Shai Society – Beit Hagalgalim (D18)* – Shai Society, also known as Beit Hagalgalim (house on wheels), provides moral support and rehabilitation activities for physically handicapped people between ages 10 and 30. They invite these people to spend weekends at Beit Hagalgalim, where they learn how to integrate into society and acquire independence. All their staff are made up of volunteers, some of who graduated the program themselves.

Shalva (D19)* – Shalva was officially opened in June 1990 in Israel. Shalva provides services for children with mental and physical disabilities, all of which are offered free of charge. Shalva works under the premise that children will thrive and develop more in a home situation than if they are institutionalized. Shalva provides support and assistance to parents so that they can cope with the challenges and pressures of bringing up a child with disabilities.

Shekel (B11)* – This program creates educational and recreational programs for special needs children and children from dysfunctional homes in Jerusalem. Our funds are used to help provide materials for their parent and child center, as well as towards their “Adopt a child for Shabbat” program.

Tikvah Programs of Camp Ramah (D20) – The Tikvah Program is an exciting experiment in Jewish Education that offers a chance for “special” teens with learning difficulties to join the Jewish community of Camp Ramah for the summer. There, in an integrated setting, the campers participate in classes, swimming, sports, and all other activities available to the Ramah camper. Where the Tikvah campers have special needs, they receive special education; where they have strengths, they are given every opportunity to build on them. Tikvah programs exist at Ramah camps in New England, Wisconsin, Canada, and California, and a new program is being established at Camp Ramah in Nyack.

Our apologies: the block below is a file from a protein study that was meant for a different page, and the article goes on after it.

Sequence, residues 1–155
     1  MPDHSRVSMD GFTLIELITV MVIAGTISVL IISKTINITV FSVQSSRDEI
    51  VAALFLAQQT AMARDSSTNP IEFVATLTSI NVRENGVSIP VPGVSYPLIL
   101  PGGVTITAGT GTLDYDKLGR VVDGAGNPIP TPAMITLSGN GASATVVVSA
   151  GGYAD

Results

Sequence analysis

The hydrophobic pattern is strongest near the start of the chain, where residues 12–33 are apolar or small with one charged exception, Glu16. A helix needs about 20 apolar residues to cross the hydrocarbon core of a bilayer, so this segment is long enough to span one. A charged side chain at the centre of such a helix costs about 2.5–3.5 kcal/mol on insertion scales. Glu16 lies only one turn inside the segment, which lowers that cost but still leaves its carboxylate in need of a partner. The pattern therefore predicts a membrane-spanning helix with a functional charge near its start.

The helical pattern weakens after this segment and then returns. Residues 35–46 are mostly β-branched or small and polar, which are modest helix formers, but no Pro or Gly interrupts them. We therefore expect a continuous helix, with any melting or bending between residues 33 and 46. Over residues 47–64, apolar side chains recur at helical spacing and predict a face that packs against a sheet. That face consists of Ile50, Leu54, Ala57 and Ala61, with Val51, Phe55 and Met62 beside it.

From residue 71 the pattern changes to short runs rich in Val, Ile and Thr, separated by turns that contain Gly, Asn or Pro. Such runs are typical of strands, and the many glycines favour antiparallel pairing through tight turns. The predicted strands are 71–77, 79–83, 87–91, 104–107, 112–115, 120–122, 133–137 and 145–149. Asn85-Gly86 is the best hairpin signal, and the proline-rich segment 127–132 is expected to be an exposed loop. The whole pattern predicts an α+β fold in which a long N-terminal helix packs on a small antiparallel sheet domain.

Yad Ezrah (E7)* – Yad Ezrah helps the deprived and needy in Israel. It finds work for the mentally disturbed, provides interest-free food loans, constructs health clinics, established discount supermarkets, provides non-profit catering for weddings and b’nai mitzvah, and distributes free food parcels for Shabbat to impoverished families.

Yad L’Kashish [Lifeline for the Old] (B12)* – In Jerusalem, this institution trains and employs hundreds of elderly and needy in its 12 workshops, giving the old a sense of pride and dignity. USY Pilgrimage visits this institution as part of their educational program. Our funds are being used for monthly bus passes for the elderly and the hot lunch program.

Yad Sarah (C9)* – A voluntary organization in Israel, with centers throughout the country, Yad Sarah provides medical equipment on loan to all who require it, asking only a nominal fully refundable deposit. Yad Sarah centers are open round the clock to provide for emergencies.

Your Local Tzedakah – One of our responsibilities is to help those around us. Therefore, there is a provision in the Tikun Olam program to give to local tzedakot. As with all Tikun Olam contributions, this one is to be made through the Central Office pending approval. Please send a letter describing your chapter’s relationship to the local tzedakah along with information from the agency describing its mission. Please also include the name and address of the person to whom we should send your allocation. You will be notified if we have any questions about the tzedakah or if the agency does not meet the requirements of the Tikun Olam Program.